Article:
1. Federal law prohibits discrimination against employees based on their membership in labor organizations. You do not get to decide on whom to hire based on whether they're Actors Equity or SEIU or AFM or not. They might have signed an agreement with one or more unions saying they wouldn't take non-union work, but you cannot decide for them. Whether you hire or fire anyone is dependent on factors other than their union status.
  2. You, the employer/producer, may insist your employees pay a collective bargaining agent. But this only applies to employers in states which do not have "Right To Work" laws. Talk to your favorite labor lawyer if you feel like doing this.*

There are a lot of restrictions on the contract though -- the number of shows you can do, the ticket prices, etc. It is made to keep the producer from making any money on a Showcase production. Which is ironic because, you know, "making money" in theater isn't a problem that any off-off Broadway theater producers have.

So we're not really concerned with the exploitation of surplus labor for Capital in the case of actors (and writers and designers and directors) in the way of off-off Broadway theater because there is no money in it. In fact, the producer is all but guaranteed to lose money while making off-off-Broadway theater. There is actually no way around it.

The fact is, though, that New York indy theater sucks.

Compared to the (this is my blog and so I will say) objectively better theater scenes in San Francisco, Chicago, and Washington DC, indy theater in New York is simply terrible. It's boring. It's no fun. There's only two exceptions to this:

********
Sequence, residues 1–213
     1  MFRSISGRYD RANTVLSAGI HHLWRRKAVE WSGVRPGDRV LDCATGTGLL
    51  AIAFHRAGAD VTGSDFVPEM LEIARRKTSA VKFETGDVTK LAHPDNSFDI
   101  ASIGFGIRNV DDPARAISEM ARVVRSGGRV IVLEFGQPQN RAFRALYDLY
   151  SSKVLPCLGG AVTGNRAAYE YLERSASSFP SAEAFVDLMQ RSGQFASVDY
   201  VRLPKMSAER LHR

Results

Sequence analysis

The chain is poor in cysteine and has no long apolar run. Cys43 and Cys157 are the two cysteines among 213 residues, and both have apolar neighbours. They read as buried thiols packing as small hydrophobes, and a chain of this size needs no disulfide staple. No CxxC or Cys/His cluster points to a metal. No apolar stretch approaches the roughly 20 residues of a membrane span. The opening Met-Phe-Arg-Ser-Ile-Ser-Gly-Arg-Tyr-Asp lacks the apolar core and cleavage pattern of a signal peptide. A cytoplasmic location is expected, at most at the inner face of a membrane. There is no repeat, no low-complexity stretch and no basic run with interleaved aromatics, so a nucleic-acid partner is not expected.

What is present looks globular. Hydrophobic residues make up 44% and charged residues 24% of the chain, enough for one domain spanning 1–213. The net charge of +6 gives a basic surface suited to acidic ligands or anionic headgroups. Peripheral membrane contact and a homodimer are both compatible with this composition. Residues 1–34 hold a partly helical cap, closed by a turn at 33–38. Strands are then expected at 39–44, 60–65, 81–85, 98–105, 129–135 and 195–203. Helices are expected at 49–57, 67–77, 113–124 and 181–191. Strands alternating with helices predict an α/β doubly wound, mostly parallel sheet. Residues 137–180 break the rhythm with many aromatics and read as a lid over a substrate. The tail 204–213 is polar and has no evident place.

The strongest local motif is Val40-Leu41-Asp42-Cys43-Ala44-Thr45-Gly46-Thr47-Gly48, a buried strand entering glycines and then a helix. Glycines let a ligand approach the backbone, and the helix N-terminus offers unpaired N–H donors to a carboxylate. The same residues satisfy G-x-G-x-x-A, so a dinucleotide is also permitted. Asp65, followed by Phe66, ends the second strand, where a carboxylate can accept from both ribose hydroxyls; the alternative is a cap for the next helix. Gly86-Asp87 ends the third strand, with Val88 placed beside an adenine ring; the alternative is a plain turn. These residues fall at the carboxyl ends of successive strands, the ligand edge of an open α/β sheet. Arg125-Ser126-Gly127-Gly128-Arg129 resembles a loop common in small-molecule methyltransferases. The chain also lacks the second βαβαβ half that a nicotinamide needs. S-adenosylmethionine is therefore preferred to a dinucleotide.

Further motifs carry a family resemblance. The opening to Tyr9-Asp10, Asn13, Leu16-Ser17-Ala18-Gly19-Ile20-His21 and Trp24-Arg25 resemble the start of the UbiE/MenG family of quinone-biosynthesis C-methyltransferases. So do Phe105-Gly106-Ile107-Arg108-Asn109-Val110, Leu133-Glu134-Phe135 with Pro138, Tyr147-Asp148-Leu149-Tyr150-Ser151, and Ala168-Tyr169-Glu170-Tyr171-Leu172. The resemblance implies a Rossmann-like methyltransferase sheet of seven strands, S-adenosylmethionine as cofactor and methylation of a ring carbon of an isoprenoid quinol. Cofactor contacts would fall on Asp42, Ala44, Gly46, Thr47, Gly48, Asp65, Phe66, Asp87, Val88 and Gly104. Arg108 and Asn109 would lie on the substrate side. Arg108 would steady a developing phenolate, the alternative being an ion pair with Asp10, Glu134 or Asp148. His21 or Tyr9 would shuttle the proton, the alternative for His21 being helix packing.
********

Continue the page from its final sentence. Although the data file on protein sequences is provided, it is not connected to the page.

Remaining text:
1. Theater made by my very close friends
  2. Theater that isn't produced under the Showcase Code

The first thing is self-evident, of course. But the other kind of theater in New York is what I'm discussing. There are three companies I'm thinking about. They're all producers of long-running shows and they're all non-Equity.

  • One is Sleep No More which has a fairly large cast, is very interesting, and actually pays their actors/dancers something in the $125/performance range (as I recall). The show is on an open run and actually makes the producers money. 
  • Two is Too Much Light Makes The Baby Go Blind. This is an ongoing 2-nights a week show by the New York version of the Chicago company The Neo-Futurists. The actors in that company make something -- I don't know how much, I think several hundred dollars a years. Just enough to cover subway basically. 
  • Three is (and yes, I gag while I type this) The Wooster Group. Nowadays the Wooster Group is part of the establishment, man. But they pay around $850 or so a week? And they do a lot of theater.

I have a gazillion complaints about The Wooster Group but the fact is that all three of those companies at least try to do things that are theatrical and interesting. And most of the downtown theater does not. They do plays about two guys in black turtlenecks talking about living in Brooklyn in their 20's.
One problem with theater, as a thing to do, is that it takes quite a while to make a given piece any good. The fact that you can't do any more than 18 shows under the Showcase Code means that necessarily you haven't done the show enough to make it not suck. And you also can't make enough money in ticket sales (because of the limitation in ticket price) to keep renting whatever space you're using anyway.

Those three companies above, and every company in DC, SF, and Chicago, don't have those problems. And (as noted above) their theater scenes are objectively better and more interesting.

§

*You do not feel like doing this. But the union might negotiate a contract with you wherein you agree to make sure all your employees are paying them to collectively bargain for them. And there are other restrictions and Supreme Court precedents and nonsense.

Wednesday, July 23, 2014